Hanjin Shipping Co., won approval from a court to wind down its European operations as demand for its services to the continent slumped, reports Bloomberg.
The judge overseeing Hanjin’s receivership at the Seoul Central District Court, approved the firm’s request, a court spokesman said. Hanjin will close all its 10 branches in Europe, including its regional headquarters in Germany, the container line’s spokeswoman said separately on Monday 24 Oct. The Seoul-based company expects to start the process as early as this week, she said.
The decision to shut down its Europe business is part of the breakup process of Hanjin, kicked off by the Seoul court, which earlier said it would consider selling the company entirely. Hanjin is also seeking separate bids for its Asia-U.S. network, as well as the investment in a terminal in Long Beach, California. The closure may benefit bigger rivals, such as A.P. Moeller-Maersk A/S and CMA CGM SA, as competition eases on one of the world’s biggest trade lanes.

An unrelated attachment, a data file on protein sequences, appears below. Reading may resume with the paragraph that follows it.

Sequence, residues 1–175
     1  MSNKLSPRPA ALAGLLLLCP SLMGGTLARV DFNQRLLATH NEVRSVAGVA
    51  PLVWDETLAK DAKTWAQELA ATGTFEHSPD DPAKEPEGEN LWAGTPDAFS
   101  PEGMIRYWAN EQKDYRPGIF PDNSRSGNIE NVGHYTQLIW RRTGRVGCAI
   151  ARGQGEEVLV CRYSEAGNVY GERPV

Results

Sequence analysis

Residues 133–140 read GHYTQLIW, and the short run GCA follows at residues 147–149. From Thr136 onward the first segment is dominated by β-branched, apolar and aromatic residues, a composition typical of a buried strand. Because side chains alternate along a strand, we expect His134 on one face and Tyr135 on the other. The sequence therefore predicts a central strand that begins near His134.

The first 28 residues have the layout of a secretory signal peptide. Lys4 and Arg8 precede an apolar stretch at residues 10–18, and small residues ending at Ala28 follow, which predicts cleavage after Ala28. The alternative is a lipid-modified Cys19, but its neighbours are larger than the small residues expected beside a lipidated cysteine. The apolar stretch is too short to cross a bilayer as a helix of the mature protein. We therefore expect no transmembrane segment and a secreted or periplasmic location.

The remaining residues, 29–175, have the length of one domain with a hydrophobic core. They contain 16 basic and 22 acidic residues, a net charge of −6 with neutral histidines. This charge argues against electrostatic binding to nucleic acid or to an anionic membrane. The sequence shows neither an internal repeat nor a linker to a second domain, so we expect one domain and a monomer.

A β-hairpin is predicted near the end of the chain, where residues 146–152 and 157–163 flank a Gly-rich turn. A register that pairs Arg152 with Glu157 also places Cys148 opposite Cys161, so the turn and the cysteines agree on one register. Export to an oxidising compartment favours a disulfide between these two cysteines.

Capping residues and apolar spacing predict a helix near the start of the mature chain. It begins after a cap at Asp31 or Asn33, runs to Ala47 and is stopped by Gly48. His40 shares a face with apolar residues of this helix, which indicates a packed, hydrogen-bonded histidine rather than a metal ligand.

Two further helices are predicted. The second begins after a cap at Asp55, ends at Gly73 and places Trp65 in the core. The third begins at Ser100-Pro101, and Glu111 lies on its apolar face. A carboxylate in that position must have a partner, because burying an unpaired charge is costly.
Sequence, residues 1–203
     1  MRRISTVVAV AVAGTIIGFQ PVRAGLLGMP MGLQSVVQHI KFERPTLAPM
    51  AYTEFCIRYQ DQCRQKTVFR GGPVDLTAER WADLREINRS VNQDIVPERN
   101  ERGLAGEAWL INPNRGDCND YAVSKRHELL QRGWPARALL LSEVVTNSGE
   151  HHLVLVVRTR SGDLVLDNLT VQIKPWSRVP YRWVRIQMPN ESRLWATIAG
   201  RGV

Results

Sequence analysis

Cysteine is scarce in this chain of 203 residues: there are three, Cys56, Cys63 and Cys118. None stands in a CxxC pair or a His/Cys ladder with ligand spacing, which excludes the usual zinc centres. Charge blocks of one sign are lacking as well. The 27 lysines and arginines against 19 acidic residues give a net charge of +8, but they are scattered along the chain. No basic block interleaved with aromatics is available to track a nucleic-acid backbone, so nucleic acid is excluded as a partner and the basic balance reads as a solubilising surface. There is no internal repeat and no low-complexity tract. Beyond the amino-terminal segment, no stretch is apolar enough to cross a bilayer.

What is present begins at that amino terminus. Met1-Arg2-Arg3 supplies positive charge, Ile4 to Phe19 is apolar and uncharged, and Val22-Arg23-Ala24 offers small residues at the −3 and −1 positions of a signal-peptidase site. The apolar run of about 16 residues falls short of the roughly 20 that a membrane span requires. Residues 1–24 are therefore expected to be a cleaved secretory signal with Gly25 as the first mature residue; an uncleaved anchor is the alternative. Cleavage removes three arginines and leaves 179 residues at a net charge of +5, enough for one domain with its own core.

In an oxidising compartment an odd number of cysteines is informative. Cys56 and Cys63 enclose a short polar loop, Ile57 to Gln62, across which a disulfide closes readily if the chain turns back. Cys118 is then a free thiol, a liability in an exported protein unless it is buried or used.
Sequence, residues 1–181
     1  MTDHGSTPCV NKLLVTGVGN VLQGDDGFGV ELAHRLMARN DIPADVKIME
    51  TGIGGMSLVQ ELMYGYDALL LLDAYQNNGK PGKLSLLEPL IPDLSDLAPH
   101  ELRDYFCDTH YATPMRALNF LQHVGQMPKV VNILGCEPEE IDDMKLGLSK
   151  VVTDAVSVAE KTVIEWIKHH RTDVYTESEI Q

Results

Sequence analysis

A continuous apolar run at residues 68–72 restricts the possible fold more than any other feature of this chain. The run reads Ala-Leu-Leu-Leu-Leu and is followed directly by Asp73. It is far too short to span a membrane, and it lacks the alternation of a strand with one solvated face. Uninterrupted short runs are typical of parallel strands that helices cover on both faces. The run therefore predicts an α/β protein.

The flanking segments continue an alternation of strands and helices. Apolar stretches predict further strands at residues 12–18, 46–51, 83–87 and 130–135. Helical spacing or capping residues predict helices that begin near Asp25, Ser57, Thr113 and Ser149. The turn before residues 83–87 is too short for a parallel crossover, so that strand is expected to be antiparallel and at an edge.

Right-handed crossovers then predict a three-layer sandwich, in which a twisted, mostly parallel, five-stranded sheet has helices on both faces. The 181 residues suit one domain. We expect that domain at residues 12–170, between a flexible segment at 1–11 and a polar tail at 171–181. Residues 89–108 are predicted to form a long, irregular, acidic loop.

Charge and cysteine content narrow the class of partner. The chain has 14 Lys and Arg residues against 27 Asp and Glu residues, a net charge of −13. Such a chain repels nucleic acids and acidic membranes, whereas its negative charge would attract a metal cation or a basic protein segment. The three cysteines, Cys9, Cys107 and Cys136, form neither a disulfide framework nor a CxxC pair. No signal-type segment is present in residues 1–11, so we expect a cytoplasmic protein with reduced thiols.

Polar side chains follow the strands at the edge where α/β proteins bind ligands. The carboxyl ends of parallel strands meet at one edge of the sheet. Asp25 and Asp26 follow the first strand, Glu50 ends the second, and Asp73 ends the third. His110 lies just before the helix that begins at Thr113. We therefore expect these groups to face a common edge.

“The biggest shipping lines will be the biggest gainers because they have the ability to move in much faster,” said Rahul Kapoor, a director at Drewry Financial Research Services Ltd. in Singapore. “The European lines like Maersk Line have already moved in to increase market share and they will continue to do so.”
The court is receiving initial bids for the marketing network of Hanjin’s Asia-U.S. operations by the end of this week, and expects to sign an agreement by mid-November in efforts to raise funds for the indebted company. The South Korean company is also in talks to sell its 54 percent stake in the Long Beach port container terminal .